18th Conference on Climate Variability and Change

1.3

Ten Years of Measurements of Tropical Upper-Tropospheric Water Vapor by the MOZAIC: Climatology, Variability, Transport and Relation to Deep Convection

Zhengzhao Luo, Colorado State Univ., Fort Collins, CO; and D. Kley and R. H. Johnson

Ten years of measurements of tropical upper-tropospheric water vapor by the MOZAIC (Measurement of Ozone and Water Vapor by Airbus In-Service Aircraft) are studied over three selected tropical regions (tropical Atlantic, tropical Africa and the Asian Monsoon region) in the following aspects: 1) characterization of UTH climatology and interannual/decadal variability; 2) comparison with the ECMWF analysis; and 3) examination of the influences on UTH of large-scale transport and deep convection.

The UTH annual cycle keeps pace with the corresponding seasonal migration of the ITCZ. Some regional differences are found and they are closely related to the differences in the distribution of deep convection frequency. In the deep tropics, the moisture level frequently reaches ice supersaturation. UTH generally increases with height from 300 to 200 hPa. The distribution of tropical UTH is bimodal. The two modes stay rather constant at around 20% and 100%; differences in the mean value are largely due to variations in the proportion of the two modes as opposed to changes in modes themselves. A noticeable interannual variability of UTH is associated with the 1997/1998 ENSO. A surprising moistening trend is found over tropical Africa from 2000 to 2002 (and maybe beyond); the reason for the trend is unknown and requires more study.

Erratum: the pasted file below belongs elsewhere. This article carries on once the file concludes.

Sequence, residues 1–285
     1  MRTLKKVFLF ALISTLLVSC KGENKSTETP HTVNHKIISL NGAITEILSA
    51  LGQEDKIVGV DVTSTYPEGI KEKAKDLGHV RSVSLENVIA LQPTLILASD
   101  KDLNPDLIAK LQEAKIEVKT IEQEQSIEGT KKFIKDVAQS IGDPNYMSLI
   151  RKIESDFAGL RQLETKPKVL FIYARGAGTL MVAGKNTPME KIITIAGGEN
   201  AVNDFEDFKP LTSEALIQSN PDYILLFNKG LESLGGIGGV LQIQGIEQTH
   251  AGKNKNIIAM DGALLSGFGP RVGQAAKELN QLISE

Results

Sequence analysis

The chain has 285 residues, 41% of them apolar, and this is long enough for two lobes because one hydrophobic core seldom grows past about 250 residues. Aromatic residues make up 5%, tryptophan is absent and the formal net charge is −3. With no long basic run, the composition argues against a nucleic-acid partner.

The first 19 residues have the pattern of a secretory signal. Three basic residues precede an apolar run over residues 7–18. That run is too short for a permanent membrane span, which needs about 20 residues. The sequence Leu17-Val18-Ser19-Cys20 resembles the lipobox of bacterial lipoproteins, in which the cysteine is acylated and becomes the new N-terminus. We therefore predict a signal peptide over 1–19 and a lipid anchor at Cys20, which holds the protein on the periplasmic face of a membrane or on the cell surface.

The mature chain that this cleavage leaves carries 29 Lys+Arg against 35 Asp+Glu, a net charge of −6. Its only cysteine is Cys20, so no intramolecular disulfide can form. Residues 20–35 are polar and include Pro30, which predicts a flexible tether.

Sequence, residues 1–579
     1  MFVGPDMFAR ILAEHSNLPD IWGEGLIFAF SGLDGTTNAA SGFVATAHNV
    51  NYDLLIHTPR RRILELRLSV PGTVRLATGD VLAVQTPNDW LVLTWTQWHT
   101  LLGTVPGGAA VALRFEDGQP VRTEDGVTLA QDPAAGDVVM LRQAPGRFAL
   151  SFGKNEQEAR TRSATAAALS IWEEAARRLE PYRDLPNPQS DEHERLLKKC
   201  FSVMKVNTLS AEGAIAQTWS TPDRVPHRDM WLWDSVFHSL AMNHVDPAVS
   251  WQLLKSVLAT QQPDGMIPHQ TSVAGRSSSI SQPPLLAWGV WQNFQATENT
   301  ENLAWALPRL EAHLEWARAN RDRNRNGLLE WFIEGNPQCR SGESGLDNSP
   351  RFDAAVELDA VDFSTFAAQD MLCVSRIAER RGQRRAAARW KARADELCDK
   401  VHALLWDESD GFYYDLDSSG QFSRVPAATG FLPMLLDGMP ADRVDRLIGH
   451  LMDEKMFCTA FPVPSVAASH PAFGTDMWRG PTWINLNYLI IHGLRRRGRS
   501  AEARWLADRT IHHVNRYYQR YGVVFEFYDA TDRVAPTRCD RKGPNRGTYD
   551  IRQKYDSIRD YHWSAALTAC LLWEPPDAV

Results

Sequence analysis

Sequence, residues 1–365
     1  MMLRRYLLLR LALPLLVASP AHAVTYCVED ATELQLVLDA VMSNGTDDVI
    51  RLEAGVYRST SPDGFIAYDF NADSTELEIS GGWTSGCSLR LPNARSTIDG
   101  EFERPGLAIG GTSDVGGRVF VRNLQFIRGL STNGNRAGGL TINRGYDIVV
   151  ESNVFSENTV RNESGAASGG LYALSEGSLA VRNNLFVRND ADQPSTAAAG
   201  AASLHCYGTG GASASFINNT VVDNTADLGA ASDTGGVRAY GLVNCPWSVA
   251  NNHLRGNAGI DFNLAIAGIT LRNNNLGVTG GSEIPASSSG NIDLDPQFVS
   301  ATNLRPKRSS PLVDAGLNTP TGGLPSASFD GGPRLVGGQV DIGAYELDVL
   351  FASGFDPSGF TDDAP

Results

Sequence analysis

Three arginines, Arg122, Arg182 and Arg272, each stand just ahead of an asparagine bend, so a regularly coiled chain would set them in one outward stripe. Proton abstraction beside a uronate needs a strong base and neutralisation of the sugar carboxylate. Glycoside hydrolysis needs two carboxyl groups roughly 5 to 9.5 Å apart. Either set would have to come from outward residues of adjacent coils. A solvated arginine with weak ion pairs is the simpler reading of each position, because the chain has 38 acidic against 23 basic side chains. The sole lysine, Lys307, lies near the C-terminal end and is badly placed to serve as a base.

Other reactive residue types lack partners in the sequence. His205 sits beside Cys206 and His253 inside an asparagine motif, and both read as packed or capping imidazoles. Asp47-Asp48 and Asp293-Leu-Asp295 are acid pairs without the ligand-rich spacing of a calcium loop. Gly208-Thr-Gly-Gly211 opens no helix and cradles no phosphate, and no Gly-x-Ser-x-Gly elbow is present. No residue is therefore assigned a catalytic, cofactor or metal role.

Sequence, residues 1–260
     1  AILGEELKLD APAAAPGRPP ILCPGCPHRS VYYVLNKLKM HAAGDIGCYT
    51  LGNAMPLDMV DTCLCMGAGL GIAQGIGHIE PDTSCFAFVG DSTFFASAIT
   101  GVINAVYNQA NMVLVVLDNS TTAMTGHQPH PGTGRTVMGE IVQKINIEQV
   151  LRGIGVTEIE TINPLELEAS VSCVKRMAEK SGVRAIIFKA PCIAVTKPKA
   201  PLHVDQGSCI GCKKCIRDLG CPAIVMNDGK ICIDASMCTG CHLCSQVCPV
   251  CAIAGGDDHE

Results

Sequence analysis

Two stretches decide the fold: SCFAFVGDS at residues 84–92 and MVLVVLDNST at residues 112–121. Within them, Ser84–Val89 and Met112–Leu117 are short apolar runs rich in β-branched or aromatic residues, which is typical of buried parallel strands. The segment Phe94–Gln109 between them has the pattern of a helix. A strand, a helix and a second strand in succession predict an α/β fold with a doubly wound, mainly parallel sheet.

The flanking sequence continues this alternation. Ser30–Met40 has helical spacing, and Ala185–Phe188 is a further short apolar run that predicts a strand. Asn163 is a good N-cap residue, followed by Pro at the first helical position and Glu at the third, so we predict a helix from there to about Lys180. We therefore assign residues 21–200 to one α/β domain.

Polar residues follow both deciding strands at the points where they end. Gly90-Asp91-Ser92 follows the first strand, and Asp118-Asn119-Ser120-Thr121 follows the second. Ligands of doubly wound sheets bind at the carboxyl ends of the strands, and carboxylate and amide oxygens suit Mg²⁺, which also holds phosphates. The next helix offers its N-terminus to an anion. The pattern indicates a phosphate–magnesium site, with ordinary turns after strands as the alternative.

Comparison between MOZAIC and the ECMWF analysis shows that the ECMWF constantly predicts a drier upper troposphere by 10 20 %. Moreover, the bimodality distribution of UTH and ice supersaturation are hardly seen in the ECMWF. Although differences in temporal/spatial resolutions can explain some of these discrepancies, others are related to the deficiencies of the assimilation system.

Meridional and zonal moisture fluxes as measured onboard of the aircraft are studied. Zonal flux is found to dominate the meridional flux. Decomposition of the total flux into contributions from mean circulation and transient motion shows that the former outweighs the latter, suggesting that the tropical upper-tropospheric circulation is, to a large extent, quasi-stationary on the seasonal timescale. Transient flux seems to be more significant between very dry and very moist regions serving as an important agent linking the two. Finally, we study the influence on UTH of transport and deep convection from a global perspective using reanalysis wind and satellite-observed convection.

extended abstract  Extended Abstract (1.4M)

wrf recording  Recorded presentation

Supplementary URL: http://ftp://ftp.cira.colostate.edu/luo/MOZAIC_AMS_talk.ppt

Session 1, Observed Seasonal to Interannual Climate Variability: Part I
Monday, 30 January 2006, 9:00 AM-12:15 PM, A314

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